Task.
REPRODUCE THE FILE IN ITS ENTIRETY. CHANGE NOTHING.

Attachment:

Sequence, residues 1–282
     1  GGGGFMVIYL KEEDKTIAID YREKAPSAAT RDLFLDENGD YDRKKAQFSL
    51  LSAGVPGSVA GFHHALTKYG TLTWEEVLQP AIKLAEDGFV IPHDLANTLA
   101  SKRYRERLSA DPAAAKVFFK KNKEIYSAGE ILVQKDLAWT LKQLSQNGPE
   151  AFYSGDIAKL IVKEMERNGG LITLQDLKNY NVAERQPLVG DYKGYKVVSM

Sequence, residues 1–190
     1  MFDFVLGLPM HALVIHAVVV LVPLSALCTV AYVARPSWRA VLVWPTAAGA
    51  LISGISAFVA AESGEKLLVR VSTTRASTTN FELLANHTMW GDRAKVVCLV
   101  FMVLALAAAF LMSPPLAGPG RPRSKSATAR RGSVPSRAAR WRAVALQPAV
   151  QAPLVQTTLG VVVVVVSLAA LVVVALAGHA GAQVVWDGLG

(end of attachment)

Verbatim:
Sequence, residues 1–282
     1  GGGGFMVIYL KEEDKTIAID YREKAPSAAT RDLFLDENGD YDRKKAQFSL
    51  LSAGVPGSVA GFHHALTKYG TLTWEEVLQP AIKLAEDGFV IPHDLANTLA
   101  SKRYRERLSA DPAAAKVFFK KNKEIYSAGE ILVQKDLAWT LKQLSQNGPE
   151  AFYSGDIAKL IVKEMERNGG LITLQDLKNY NVAERQPLVG DYKGYKVVSM

Sequence, residues 1–190
     1  MFDFVLGLPM HALVIHAVVV LVPLSALCTV AYVARPSWRA VLVWPTAAGA
    51  LISGISAFVA AESGEKLLVR VSTTRASTTN FELLANHTMW GDRAKVVCLV
   101  FMVLALAAAF LMSPPLAGPG RPRSKSATAR RGSVPSRAAR WRAVALQPAV
   151  QAPLVQTTLG VVVVVVSLAA LVVVALAGHA GAQVVWDGLG